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“My God, What An Act To Follow!”
LOCKED IN A STRANGE, TESTY COLLABORATION lit by the fires of a burning world, George M. Cohan and James Cagney produced a masterpiece of popular history in which everything is true except the facts
July/August 1997 | Volume 48, Issue 4
Yankee Doodle Dandy was made because a Los Angeles grand jury in 1940 released testimony identifying James Cagney as among a group of “communist members, sympathizers or heavy contributors.”
The charge was not new. Cagney had experienced “professional difficulties” in 1934 when he was linked to a cotton strike in San Joaquin, but he had remained outspokenly liberal and pro-union. Now Cagney and his producer-manager brother William, about to form their own production company with James as the major asset, took the charge very seriously. William asked for an audience with the Red-baiting congressman Martin Dies, who subsequently certified James as a patriotic American. But William was still worried. He suggested to Jack L. Warner, the production head of Warner Bros. Studios, that “we should make a movie with Jim playing the damnedest patriotic man in the country”: George M. Cohan.
Yankee Doodle Dandy was made because George M. Cohan had not written a hit musical play on Broadway since 1928.
Nor had he made the transition to writing musicals for the movies, and although he was still one of the most famous entertainers in the country, he was dismayed by the musical styles and social themes that were seeping into the theater to which he had devoted his working life. In 1939 a musical revue of Cohan’s career had been staged at the Catholic University in Washington, D.C., with his approval. The play, Yankee Doodle Boy , by Walter Kerr and Leo Brady, used the thennovel concept of dramatizing the composer’s life through his songs, and Cohan probably had this production in mind when he began approaching Hollywood about a movie biography. In April 1941 he signed a contract with Warner Bros. for a movie using his music, with a script to be approved by him —and specifying that the role of George M. Cohan must be played by James Cagney.
Cohan never met with Cagney at any point during the project, but this was the start of an unusual collaboration between the two, based on the desire of both men to present a show full of the old-fashioned song and dance and comedy they loved. In the process they “stole the show” from Warner Bros. and its executive producer, Hal Wallis, a nearly unprecedented bit of larceny at tightly wound Warner’s. The movie became the biggest hit the studio had ever had.
Nor has it faded away. In nearly continual showings since the 1950s on broadcast, cable, and vidéocassette, Dandy has continued to reach audiences. What accounts for its long life? The first audiences that saw it, in the summer of 1942, were preoccupied with war news (most of it bad), personal sacrifice, and national unity. Much of those audiences had memories of Cohan and the theatrical world of the early century. Today’s audiences have no such references, but they still find something of charm or value in the film. The value may have come from the contributions of the consummate artists of the Warner Bros, production departments: the set and costume designers, choreographers, musical directors, and orchestra. This was a prestige production for Warner’s and the first team was brought in: the director Michael Curtiz and the cinematographer James Wong Howe, with Walter Huston playing a supporting role and the character actors “Cuddles” Sakall and George Tobias stealing scenes.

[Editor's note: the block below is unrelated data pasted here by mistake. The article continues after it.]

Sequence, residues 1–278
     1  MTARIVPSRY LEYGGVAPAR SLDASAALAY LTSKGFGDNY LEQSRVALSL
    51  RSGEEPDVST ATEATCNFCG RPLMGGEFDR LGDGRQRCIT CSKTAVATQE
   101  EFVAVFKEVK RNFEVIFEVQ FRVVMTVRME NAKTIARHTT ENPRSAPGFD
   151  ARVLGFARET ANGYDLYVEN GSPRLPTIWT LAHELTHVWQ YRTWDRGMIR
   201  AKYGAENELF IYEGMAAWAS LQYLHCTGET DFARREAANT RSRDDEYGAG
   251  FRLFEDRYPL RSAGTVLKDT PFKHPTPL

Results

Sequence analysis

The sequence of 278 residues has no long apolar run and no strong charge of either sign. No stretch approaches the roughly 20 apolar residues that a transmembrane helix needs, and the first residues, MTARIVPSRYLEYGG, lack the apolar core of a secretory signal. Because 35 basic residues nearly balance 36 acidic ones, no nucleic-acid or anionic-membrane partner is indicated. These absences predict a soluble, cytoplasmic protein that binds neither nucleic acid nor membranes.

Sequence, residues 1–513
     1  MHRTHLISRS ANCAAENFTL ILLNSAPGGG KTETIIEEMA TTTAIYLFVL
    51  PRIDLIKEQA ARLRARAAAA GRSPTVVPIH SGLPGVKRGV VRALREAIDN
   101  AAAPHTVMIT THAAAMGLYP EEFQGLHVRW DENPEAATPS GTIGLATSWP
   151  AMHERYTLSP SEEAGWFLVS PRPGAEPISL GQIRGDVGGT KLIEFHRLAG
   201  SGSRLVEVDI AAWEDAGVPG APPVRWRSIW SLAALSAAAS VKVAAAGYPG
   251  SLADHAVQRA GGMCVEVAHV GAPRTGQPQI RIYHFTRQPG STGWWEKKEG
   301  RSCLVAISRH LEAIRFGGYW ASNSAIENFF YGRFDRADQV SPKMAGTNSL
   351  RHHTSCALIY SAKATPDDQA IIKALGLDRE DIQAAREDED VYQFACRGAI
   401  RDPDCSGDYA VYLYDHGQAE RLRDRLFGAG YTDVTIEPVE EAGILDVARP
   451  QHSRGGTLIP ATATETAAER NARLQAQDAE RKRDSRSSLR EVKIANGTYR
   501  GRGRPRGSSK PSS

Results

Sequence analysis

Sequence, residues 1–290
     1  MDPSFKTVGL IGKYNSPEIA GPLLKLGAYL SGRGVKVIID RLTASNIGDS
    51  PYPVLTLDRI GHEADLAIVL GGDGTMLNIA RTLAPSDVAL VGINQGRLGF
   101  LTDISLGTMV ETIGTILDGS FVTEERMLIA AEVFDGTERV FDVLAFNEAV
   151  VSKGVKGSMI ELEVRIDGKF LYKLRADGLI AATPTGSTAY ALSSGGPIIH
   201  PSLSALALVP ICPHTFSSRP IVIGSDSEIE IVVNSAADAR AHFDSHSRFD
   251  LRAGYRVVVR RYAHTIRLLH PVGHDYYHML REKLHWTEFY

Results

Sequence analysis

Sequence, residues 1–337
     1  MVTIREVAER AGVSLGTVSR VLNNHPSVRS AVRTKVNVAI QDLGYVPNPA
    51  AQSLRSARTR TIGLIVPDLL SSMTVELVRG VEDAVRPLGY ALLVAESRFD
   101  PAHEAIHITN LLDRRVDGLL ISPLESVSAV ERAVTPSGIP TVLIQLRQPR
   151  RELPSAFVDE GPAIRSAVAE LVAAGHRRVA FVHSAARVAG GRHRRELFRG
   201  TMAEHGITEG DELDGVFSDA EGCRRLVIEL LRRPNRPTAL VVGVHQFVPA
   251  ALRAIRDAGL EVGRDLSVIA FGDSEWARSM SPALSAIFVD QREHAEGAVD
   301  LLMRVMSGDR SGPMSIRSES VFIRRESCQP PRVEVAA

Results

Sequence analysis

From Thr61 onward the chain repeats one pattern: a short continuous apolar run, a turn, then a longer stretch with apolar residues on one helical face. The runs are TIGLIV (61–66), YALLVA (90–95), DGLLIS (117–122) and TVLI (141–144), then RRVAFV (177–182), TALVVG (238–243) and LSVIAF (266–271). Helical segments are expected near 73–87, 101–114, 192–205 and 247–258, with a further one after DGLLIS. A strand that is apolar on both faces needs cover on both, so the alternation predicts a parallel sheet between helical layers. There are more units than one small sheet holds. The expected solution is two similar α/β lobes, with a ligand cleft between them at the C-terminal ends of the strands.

But most of the movie’s enduring charm has to be attributed to the two song-and-dance men. Cagney had been eager to break out of his hoodlum type-casting. Despite his ten years’ experience on the New York stage, much of it in vaudeville and musicals, he had made only two musical films, and neither was among his best work. As he said, “I didn’t have to pretend to be a song and dance man, I was one.” Cohan had made only one major studio film himself, and it was long forgotten. During the first three decades of the twentieth century he had been “the man who owns Broadway,” the author-song writer-singer-dancer-actor-producer who helped launch the American musical on its way to popular and artistic glory. Despite the evidence of the box office, he still believed that his type of plays and songs had an audience, and virtually none of his work had yet been preserved on film. The care and effort of both men would be rewarded more amply than perhaps even they dared hope. Cagney won his only Best Actor Oscar and established forever the breadth of his range as a performer. Cohan, whose plays have almost disappeared from circulation, is best remembered today for the songs in the movie and as the character played by Cagney, the cocky guy with the stiff-legged strut who dances right up the side of the stage.
The movie belongs to the genre known as the “biopic,” a flavorful mating of history and drama, which, like all biography, tells us in some way what one person’s whole life was about or meant. To arrive at such a highly condensed conclusion, even the best movie biographies must distill their meaning out of a mere handful of incidents and relationships. Add in the requirements of a song-and-dance picture, which Dandy also is, and you’re left with a very tiny space in which to reveal the personality of the title character. After all, when Don Ameche plays Alexander Graham Bell, he only has to act as if he’s inventing the telephone, and that takes just a few minutes of screen time. When Cagney plays Cohan, he really has to sing and dance, in long, elaborately choreographed and scored musical numbers.